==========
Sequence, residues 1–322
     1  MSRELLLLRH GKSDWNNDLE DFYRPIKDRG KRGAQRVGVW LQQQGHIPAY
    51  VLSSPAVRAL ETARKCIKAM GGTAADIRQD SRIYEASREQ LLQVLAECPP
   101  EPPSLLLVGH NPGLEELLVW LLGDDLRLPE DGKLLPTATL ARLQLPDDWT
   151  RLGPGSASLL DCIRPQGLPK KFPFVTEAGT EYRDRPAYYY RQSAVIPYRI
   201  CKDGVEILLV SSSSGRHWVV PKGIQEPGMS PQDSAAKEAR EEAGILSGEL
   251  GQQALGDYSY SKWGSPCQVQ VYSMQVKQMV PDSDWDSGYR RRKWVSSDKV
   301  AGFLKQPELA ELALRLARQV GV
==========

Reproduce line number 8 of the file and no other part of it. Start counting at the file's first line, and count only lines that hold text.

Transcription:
   301  AGFLKQPELA ELALRLARQV GV